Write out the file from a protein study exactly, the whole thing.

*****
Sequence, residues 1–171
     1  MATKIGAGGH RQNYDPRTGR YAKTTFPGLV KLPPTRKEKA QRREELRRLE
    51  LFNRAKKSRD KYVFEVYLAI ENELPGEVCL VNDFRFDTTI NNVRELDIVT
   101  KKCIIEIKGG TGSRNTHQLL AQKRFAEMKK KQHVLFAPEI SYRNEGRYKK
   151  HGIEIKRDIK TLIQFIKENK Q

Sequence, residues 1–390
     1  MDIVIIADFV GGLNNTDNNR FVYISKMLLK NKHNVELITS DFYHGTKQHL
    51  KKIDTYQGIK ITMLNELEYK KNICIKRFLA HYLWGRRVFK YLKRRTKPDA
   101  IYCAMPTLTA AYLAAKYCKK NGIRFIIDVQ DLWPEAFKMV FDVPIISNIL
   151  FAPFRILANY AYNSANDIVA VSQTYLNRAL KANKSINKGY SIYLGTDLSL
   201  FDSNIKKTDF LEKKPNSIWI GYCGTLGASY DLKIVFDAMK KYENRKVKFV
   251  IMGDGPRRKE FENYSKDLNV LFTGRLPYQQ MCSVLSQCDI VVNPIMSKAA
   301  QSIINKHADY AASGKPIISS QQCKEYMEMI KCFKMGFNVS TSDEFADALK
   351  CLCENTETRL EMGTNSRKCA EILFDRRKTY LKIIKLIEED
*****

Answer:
Sequence, residues 1–171
     1  MATKIGAGGH RQNYDPRTGR YAKTTFPGLV KLPPTRKEKA QRREELRRLE
    51  LFNRAKKSRD KYVFEVYLAI ENELPGEVCL VNDFRFDTTI NNVRELDIVT
   101  KKCIIEIKGG TGSRNTHQLL AQKRFAEMKK KQHVLFAPEI SYRNEGRYKK
   151  HGIEIKRDIK TLIQFIKENK Q

Sequence, residues 1–390
     1  MDIVIIADFV GGLNNTDNNR FVYISKMLLK NKHNVELITS DFYHGTKQHL
    51  KKIDTYQGIK ITMLNELEYK KNICIKRFLA HYLWGRRVFK YLKRRTKPDA
   101  IYCAMPTLTA AYLAAKYCKK NGIRFIIDVQ DLWPEAFKMV FDVPIISNIL
   151  FAPFRILANY AYNSANDIVA VSQTYLNRAL KANKSINKGY SIYLGTDLSL
   201  FDSNIKKTDF LEKKPNSIWI GYCGTLGASY DLKIVFDAMK KYENRKVKFV
   251  IMGDGPRRKE FENYSKDLNV LFTGRLPYQQ MCSVLSQCDI VVNPIMSKAA
   301  QSIINKHADY AASGKPIISS QQCKEYMEMI KCFKMGFNVS TSDEFADALK
   351  CLCENTETRL EMGTNSRKCA EILFDRRKTY LKIIKLIEED